Where have all the moderates gone?
A recent survey, from a reputable source during a time of doubtful polls, found that 35 percent of voters consider themselves moderate. Some lean toward each major party, while 19 percent say they are truly independent.
Who is a moderate? There’s clearly no moderate political philosophy. Instead, a moderate is a person who sometimes agrees with conservative policies and sometimes agrees with liberal policies.
Maine Republican Sen. Susan Collins is widely regarded as a moderate, one of a vanishing few in the U.S. Senate. Her voting pattern proves the point.
One day in early December, she voted against a bill to prevent people on the government’s terrorism no-fly list from buying guns. On the same day, she voted against a bill to gut Obamacare and defund Planned Parenthood.
On the first vote, she aligned with GOP conservatives, and on the second, she lined up with Democratic liberals. That’s what gains her the moderate label.
But her willingness ever to oppose GOP positions may impose a political price. Though she has much greater seniority than many of her fellow Republican senators, she heads a much less influential committee than some of them. Perhaps she sees her Committee on Aging as being important to Maine, the oldest state.
Her position on the two bills reveals a problem for moderates. Instead of following a set policy menu, they deal with issues a la carte. That makes it more difficult to assemble a reliable moderate voting group.
The current Republican presidential campaign emphasizes the ineffectiveness of the moderates. In the unusually large field, possibly only two candidates – Ohio Gov. John Kasich and former Florida Gov. Jeb Bush – could position themselves as moderates.
If the polls are remotely close to accurate, Republicans are not connecting with either. Bush has moved to the right, repositioning himself as a conservative. Kasich is perhaps the only outlier from the field, apparently betting that he will pick up support as the GOP comes to recognize that he’s their best bet to win the general election.
It is widely believed that the nominee selection process in both parties is dominated by their extremes, hardcore conservative or liberal. Republican conservatives reject any candidate straying from complete loyalty to their positions, which may explain why Kasich is not catching on.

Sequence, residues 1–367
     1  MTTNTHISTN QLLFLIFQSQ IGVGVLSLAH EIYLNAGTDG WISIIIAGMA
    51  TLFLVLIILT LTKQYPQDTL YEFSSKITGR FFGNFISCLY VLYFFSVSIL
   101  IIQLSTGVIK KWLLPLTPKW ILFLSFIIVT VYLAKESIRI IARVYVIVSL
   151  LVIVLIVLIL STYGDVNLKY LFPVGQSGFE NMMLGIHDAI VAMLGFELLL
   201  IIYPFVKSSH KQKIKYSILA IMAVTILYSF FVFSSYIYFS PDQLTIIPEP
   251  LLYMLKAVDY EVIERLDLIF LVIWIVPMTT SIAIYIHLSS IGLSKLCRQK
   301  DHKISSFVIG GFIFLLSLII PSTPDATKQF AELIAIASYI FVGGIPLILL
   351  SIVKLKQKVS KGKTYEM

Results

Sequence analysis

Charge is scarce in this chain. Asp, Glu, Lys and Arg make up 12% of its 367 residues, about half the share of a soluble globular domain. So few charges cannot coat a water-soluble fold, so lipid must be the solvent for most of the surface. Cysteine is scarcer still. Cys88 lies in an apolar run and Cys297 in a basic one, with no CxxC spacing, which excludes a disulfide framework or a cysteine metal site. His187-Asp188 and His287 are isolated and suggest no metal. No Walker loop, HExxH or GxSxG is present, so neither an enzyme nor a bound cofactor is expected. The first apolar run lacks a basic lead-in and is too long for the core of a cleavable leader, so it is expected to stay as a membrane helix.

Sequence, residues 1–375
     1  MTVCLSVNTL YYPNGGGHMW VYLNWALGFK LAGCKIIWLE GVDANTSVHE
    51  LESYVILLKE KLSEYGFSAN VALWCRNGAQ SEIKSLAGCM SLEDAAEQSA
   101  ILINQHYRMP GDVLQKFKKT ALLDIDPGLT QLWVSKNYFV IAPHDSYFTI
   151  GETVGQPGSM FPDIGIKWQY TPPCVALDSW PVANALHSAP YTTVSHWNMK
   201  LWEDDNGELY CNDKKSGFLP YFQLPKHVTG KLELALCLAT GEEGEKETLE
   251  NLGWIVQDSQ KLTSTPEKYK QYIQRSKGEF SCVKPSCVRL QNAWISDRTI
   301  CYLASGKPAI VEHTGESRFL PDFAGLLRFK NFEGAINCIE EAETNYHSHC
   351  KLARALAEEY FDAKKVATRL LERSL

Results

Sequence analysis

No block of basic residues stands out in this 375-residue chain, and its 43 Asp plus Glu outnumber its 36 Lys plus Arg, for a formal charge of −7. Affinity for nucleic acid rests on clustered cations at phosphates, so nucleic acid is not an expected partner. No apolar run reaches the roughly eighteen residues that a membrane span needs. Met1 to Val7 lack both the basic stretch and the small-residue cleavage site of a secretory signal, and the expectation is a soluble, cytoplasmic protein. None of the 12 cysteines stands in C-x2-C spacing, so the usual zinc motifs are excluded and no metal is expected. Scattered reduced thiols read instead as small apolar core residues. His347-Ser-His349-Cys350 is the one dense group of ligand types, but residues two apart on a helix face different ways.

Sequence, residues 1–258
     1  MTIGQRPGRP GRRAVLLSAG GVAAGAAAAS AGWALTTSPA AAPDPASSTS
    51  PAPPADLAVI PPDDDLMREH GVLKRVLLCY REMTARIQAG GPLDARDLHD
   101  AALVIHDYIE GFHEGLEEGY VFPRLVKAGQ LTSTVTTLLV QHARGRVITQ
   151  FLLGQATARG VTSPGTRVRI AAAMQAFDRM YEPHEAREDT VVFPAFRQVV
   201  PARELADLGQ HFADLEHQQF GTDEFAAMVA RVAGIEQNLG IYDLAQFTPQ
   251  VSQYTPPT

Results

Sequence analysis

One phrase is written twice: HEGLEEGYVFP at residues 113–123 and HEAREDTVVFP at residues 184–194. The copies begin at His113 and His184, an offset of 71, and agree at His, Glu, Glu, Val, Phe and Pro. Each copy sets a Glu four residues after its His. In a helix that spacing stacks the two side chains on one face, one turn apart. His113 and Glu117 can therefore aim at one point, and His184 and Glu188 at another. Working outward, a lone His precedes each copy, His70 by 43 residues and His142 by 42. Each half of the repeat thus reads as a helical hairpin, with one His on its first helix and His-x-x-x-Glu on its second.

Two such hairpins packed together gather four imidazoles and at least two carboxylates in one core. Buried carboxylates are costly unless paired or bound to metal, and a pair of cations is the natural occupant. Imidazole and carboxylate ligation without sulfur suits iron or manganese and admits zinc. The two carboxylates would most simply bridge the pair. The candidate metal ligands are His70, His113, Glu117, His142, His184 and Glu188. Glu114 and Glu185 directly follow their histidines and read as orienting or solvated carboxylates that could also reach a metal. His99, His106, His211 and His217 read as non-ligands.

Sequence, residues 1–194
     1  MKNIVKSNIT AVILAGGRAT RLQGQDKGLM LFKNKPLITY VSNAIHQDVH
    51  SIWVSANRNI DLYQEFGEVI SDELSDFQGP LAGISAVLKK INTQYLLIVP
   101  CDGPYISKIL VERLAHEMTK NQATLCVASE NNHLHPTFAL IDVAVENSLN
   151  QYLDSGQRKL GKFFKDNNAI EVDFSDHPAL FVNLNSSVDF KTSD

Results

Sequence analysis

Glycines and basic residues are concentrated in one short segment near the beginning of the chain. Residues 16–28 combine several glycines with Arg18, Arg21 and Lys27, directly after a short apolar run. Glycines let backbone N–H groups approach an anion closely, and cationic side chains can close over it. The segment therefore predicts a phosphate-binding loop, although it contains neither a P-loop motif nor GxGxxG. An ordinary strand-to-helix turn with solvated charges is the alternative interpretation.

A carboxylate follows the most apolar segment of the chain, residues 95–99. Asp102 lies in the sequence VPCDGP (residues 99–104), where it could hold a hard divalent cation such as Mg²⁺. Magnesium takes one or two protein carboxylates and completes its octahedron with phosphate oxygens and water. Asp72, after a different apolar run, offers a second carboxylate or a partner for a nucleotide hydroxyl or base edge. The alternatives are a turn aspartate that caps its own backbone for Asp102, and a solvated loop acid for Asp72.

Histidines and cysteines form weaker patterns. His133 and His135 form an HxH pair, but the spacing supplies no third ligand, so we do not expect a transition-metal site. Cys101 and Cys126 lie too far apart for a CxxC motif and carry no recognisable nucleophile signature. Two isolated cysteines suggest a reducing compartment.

Why can the extremes take control of the process? After all, they probably do not account for a majority of party supporters.
The answer is the indifference of the majority. Whether people believe that nothing they do matters or simply don’t care about their government, most people do not participate in the caucus and primary process to select nominees.
The absence of most party supporters in the process leaves the opportunity for well-motivated, ideology driven extremes to capture control of the choice of the party nominee. In short, moderates don’t show up and total turnout remains small.
The process itself may sometimes favor participation by only small numbers. Take the Iowa caucuses, scheduled for February 1. Relatively few voters will participate in these caucuses, and their choice is far from certain to be the ultimate nominee. Still, the caucuses can provide candidates a big public relations splash.
The process in the Democratic Party seems less likely to be controlled by an extreme liberal element this time. Vermont Sen. Bernie Sanders wants to galvanize enough liberals to dominate the selection process. But most Democrats support former Secretary of State Hillary Clinton, who may come across as more of a moderate.
The general election is considered the great corrective to the faults of a nomination process that pays little heed to the supposed moderate center. While voters may not be enthusiastic about their options, they might support a candidate who seems closer to the center.
That could explain why Clinton, with lukewarm support by many Democrats, looks like a winner when compared with leading GOP hopefuls. And it may explain why Kasich and perhaps Bush hang on, hoping to emerge as the winning alternative to Clinton.
The success of Donald Trump and hardcore conservatives might indicate all of these calculations are wrong.
Suppose discontent with government and fear of terrorism have driven large numbers of voters to the right. If that were happening, then the country would shift from center-right policies to hardcore conservatism.
In that case, we could discover the moderate ranks in American politics have shrunk to near invisibility. And, if that is not true, the moderates’ influence depends on their showing up to participate in the political process.